Reflections

What are the strengths of this child and family?

Strengths

It is always important to explore the strengths of a child with autism spectrum disorder or developmental delays. Parents and clinicians may become so focused on the deficits, and in some cases the behavioral issues that a child is having, that they aren’t able to notice what the child does well.

  • By asking a family about what a child is good at, and what their positive traits are, one is able to frame recommendations for intervention and treatment in the context of these strengths.
  • Asking about what a child likes can be used when discussing next steps.
  • Finally, in addition to exploring the strengths of the child, it is helpful to think about the strengths of the family and how these can be used when discussing options and next steps for treatment.

It is always helpful for clinicians to take the time to note and explain changes and improvements in functioning and positive features of the child to parents.

Mark’s Strengths
Toddler holding a cup

Some strengths shown by Mark include:

  • Mark is described as affectionate and happy
  • Elizabeth is known to be doting and caring
  • Motor milestones were attained typically
  • Cognitively, Mark appears to be bright – having learned many of his letters and an ability to count to 10 in Spanish
  • His mother perceives him to be a smart little boy

How might you have approached this differently if the family had a different cultural background?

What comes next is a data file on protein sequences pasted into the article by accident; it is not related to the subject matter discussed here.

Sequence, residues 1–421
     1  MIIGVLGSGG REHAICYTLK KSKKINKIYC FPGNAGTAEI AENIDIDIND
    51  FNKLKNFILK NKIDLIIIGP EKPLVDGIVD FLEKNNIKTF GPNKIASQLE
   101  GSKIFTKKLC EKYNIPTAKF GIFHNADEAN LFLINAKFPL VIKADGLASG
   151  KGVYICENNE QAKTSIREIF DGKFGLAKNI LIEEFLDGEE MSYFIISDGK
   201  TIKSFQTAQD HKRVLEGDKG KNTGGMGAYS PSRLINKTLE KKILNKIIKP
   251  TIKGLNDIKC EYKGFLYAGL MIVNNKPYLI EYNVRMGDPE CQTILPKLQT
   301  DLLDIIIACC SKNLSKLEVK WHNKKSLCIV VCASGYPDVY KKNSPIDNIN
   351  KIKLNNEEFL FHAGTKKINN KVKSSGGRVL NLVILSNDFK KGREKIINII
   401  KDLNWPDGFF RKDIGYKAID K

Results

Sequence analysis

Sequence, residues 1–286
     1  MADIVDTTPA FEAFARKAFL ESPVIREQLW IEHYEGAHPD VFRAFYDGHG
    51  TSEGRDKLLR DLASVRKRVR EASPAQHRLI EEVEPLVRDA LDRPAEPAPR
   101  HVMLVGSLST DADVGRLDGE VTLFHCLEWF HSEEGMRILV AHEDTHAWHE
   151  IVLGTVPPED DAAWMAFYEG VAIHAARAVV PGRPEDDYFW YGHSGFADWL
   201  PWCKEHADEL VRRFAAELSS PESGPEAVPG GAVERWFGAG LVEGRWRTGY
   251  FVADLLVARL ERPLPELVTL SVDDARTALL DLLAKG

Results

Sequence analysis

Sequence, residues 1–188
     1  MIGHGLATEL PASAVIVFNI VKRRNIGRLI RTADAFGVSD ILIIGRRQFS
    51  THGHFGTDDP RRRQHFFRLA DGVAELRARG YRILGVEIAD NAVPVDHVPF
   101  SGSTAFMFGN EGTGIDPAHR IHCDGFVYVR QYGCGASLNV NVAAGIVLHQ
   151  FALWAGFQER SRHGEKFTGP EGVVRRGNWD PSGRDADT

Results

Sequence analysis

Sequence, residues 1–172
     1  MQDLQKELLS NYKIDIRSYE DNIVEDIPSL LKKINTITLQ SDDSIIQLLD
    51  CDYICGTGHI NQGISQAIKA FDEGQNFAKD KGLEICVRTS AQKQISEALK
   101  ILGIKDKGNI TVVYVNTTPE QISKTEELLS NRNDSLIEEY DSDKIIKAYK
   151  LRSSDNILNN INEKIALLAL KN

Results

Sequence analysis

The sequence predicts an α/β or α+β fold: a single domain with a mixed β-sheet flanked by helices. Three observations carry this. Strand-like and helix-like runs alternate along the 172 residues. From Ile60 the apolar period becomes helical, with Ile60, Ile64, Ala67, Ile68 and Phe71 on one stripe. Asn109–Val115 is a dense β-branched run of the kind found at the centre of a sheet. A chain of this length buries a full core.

Cultural Competence

It is important for clinicians to understand how different childrearing practices and cultural norms can influence key decisions that parents make regarding their child obtaining evaluations and treatment, future planning, and acceptance of the child’s diagnosis. Clinicians can approach parents openly and honestly by asking them about their unique style of parenting and how the information or recommendations provided are received.

In reflecting on this case, consider:

  • What cultural beliefs or practices should be considered when gathering or sharing information?
  • How would you open a discussion about respecting family culture?
  • How might additional information about the family change your approach?
  • In what ways might your approach change when working with families that have limited English proficiency?

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